I found myself volunteering to observe a post mortem examination on two paediatric cases the other day. So I turned up at 9 O’clock at the Pathology Block, walked in with five friends, put on white coats then stepped into the PM room. It was a pretty un-remarkable place, three tables for the examinations and the freezers at the end for storing the bodies, in the corner was a small pile of bags and then an observation room.
The first shock was that the small bags in the corner actually contained the bodies which were being examined that day. They were very small, that’s what I remembered, they were very small. Without even a second to breathe the Pathologist brought out, from one of the bags, the first body, of a 27 week foetus.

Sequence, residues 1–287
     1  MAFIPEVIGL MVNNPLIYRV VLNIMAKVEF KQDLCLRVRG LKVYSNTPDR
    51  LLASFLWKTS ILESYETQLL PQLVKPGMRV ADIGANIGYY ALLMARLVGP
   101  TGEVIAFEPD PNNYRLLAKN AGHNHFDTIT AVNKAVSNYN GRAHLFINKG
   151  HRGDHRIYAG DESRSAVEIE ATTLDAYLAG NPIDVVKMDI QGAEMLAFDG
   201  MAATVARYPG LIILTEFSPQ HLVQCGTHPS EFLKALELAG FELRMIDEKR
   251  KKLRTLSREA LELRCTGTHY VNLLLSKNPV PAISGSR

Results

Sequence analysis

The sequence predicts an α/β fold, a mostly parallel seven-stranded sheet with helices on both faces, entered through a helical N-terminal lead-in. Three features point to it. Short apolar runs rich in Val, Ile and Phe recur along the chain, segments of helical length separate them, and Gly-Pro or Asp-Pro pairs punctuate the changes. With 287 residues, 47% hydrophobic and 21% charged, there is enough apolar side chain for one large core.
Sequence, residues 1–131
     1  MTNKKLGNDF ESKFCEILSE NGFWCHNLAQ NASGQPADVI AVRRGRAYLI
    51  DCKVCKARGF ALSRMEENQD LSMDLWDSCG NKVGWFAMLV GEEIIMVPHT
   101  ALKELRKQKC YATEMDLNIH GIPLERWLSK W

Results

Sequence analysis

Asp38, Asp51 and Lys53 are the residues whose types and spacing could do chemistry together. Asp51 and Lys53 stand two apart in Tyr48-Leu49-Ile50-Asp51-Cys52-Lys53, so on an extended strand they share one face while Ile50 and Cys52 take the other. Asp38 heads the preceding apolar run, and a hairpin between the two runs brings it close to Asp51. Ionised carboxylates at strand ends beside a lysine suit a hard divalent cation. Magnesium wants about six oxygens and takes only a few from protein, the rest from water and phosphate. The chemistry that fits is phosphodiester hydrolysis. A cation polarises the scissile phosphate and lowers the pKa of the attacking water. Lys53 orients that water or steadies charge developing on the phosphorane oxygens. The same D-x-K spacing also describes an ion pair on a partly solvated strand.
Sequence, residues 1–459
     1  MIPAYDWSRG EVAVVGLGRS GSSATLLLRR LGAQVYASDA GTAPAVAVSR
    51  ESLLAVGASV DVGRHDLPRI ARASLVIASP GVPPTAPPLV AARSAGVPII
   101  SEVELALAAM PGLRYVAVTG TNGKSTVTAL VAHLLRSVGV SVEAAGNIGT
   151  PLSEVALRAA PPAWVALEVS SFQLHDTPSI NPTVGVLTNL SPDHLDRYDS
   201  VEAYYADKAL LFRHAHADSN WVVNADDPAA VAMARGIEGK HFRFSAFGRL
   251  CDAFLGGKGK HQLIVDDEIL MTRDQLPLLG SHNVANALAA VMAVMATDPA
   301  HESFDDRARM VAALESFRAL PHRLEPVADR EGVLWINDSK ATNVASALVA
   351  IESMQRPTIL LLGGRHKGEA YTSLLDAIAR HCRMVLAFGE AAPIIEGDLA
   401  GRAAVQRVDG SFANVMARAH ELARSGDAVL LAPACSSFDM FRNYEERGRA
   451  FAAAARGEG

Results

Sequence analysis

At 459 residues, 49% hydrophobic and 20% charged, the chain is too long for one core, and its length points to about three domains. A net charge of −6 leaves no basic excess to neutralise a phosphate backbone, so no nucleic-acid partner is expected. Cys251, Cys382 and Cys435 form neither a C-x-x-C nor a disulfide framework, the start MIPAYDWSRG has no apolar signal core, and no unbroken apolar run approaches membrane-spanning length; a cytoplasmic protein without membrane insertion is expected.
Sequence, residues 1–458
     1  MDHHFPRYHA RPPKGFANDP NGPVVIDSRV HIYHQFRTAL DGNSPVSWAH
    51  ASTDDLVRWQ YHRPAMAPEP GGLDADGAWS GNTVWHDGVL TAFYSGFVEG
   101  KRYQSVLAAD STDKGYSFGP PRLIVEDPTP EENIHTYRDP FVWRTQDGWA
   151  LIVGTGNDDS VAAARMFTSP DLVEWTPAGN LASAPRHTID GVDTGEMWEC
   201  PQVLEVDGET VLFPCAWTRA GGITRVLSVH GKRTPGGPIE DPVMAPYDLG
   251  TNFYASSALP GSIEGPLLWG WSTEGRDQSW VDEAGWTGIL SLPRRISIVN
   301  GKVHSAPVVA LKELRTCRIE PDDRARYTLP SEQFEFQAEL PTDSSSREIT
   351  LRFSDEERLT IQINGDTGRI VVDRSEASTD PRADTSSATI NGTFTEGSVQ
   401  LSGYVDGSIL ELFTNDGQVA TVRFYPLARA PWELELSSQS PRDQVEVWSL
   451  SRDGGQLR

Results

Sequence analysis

Everyone knows what a baby looks like, and so, in a way, knows what to expect a dead baby to look like. A foetus is a wholly different thing, remember that a foetus should be in the womb for around 40 weeks so a 27 week foetus still has some developing to do and looks, in all honesty, quite scary. I don’t really want to describe what happened but basically I found myself very dizzy, close to fainting and needing to sit down. My friends told me later that I had gone completely white, even my lips were white. All the blood had drained from my face into my feet. The second case was a ten month old baby, most likely a case of ‘Cot Death’, technically called Sudden Infant Death Syndrome (SIDS). It looked just like a cute, cuddle baby boy should. It was very hard to think of it as not living, well, it shouldn’t be easy really…should it.